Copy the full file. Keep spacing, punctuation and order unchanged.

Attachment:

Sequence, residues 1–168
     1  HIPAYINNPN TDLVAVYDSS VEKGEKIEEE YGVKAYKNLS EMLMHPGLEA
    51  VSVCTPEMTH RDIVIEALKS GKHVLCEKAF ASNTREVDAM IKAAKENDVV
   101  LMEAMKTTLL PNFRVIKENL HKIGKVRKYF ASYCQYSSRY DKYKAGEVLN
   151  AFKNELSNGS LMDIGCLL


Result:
Sequence, residues 1–168
     1  HIPAYINNPN TDLVAVYDSS VEKGEKIEEE YGVKAYKNLS EMLMHPGLEA
    51  VSVCTPEMTH RDIVIEALKS GKHVLCEKAF ASNTREVDAM IKAAKENDVV
   101  LMEAMKTTLL PNFRVIKENL HKIGKVRKYF ASYCQYSSRY DKYKAGEVLN
   151  AFKNELSNGS LMDIGCLL